AR's objective is to reach the "planners"-individuals preparing to age in place within their own homes. In this respect, it is important to note that AR does not solely work with the aging population but also the disability community and younger individuals.

A critical component of AR's construction process involves the actual design of home adaptations to make the environment barrier free. AR subcontracts with an interior designer, who specializes in universal design, to ensure that the layout is aesthetically pleasing as well as safe. AR stresses that a change in health does not mean a change in residence.
(Editor's Note: Since this case study was conducted, Mr. Tenenbaum has refocused his efforts into the area of independent living strategies. For more information, call (301) 983-0131 or email him at HomeMods@aol.com. Mr. Tenenbaum also has a website at: http://www.louistenenbaum.com).


Home Modifications in Baltimore: SESHI

The South East Senior Housing Initiative (SESHI) began when local organizations in the community recognized the growing needs of the aging population in South East Baltimore. These organizations raised concerns about physical and environmental restrictions experienced by a large portion of older residents living in row homes, the challenges older residents confronted in preserving their homes, and the lack of affordable housing alternatives within the community. The outcome from these meetings resulted in a coordinated effort of non-profit organizations and a coalition known as SESHI. SESHI has become the primary organization in a comprehensive community delivery system, whose principal goal is to assist older adults to reside safely in their homes.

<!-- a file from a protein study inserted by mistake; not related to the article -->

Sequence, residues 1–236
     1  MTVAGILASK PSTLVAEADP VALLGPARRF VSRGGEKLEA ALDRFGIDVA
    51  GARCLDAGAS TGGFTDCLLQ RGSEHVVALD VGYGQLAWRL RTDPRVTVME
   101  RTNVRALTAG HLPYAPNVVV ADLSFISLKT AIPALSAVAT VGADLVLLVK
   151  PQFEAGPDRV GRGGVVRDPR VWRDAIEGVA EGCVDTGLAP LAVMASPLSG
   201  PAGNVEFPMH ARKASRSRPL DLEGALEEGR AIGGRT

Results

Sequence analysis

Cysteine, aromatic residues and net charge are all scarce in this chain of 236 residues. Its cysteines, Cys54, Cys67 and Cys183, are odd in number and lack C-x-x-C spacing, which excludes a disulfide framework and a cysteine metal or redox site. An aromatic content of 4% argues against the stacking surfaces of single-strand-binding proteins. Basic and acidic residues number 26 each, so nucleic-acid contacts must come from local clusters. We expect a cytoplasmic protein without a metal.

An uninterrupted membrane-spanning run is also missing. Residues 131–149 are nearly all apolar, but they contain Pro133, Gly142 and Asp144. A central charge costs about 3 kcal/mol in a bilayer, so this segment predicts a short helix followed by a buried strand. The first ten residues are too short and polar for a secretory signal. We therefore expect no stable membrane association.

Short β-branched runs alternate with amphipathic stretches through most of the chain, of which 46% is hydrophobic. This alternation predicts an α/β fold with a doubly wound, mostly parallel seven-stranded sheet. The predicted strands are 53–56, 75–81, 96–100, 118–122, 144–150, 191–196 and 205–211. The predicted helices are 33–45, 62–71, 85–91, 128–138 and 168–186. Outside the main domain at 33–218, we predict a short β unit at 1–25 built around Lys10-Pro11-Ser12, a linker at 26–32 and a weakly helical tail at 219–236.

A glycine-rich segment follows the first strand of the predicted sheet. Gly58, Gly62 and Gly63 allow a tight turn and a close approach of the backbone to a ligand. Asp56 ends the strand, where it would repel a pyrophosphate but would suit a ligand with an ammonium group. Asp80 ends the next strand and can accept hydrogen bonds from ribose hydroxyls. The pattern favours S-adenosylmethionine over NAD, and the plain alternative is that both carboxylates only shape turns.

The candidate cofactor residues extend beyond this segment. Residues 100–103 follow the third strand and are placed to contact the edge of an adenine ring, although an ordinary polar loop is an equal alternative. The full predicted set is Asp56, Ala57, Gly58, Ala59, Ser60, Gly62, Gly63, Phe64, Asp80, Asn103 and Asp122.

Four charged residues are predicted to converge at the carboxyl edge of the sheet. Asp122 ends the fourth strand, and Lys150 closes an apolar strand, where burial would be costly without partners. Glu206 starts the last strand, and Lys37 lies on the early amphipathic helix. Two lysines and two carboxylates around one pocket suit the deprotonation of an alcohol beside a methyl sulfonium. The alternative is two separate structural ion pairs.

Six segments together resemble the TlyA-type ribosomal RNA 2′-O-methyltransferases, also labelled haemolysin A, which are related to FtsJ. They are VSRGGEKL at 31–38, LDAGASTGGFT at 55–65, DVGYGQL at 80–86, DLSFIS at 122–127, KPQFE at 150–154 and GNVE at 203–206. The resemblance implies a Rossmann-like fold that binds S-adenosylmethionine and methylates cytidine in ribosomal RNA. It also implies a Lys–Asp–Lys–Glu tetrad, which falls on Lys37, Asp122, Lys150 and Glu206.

SESHI's service delivery does not entail installation of home modifications. Rather, SESHI is the entry point for many seniors lacking knowledge, awareness, and funds, to procure appropriate home adaptations and social services that will enable them to remain living independently. Through coordination of existing community-based services and home adaptations, SESHI, along with its coalition members, are testing the value of preventative health and the impact on the community in assisting older adults to live independently.

Editor's Note: Both of the above home modification programs were part of four case studies conducted by the Resource Center. A summary of these case studies can be found at the following website: http://www.usc.edu/dept/gero/nrcshhm/research/pages/hm_programs.htm.

 

From The Editorial Team

Chris Lee

Due to limited space, here is a brief report of our Center's other activities.
The Center is co-sponsoring a half-day workshop entitled "Aging in Place - What's The Problem?" on May 17 in Ventura, California. This event is being organized by the Ventura Home Modification Action Coalition. Co-incidentally, on April 1-2, the Center helped organize and participated at an Aging in Place workshop which took place at the University of Southern California Andrus Gerontology Center. Resource Center Director Jon Pynoos presented a talk entitled "Modifying Homes for Persons with Alzheimer's Disease." The Centerwas also actively present at the 2003 Third Joint Conference of the National Council on the Aging and American Society on Aging that was held in Chicago, Illinois from March 13-16. We look forward to next year's conference that will takeplace in San Francisco, California.

About the Resource Center

Maria Henke

The National Resource Center on Supportive Housing and Home Modification is headquartered at the University of Southern California Andrus Gerontology Center. The Resource Center is a project supported by The California Endowment and the Archstone Foundation.

The Resource Center sponsors the National Home Modification Action Coalition, an informal nation-wide network ofprofessionals and researchers interested in promoting aging in place and accessibility in the home. In addition to these efforts, we are currently developing a national initiative to help older adults maintain their independence and age in place.

Julie Overton

For more information about the Resource Center or any of the above, please contact us via email at homemods@usc.edu or call (213) 740-1364. You can also visit us on the web at www.homemods.org.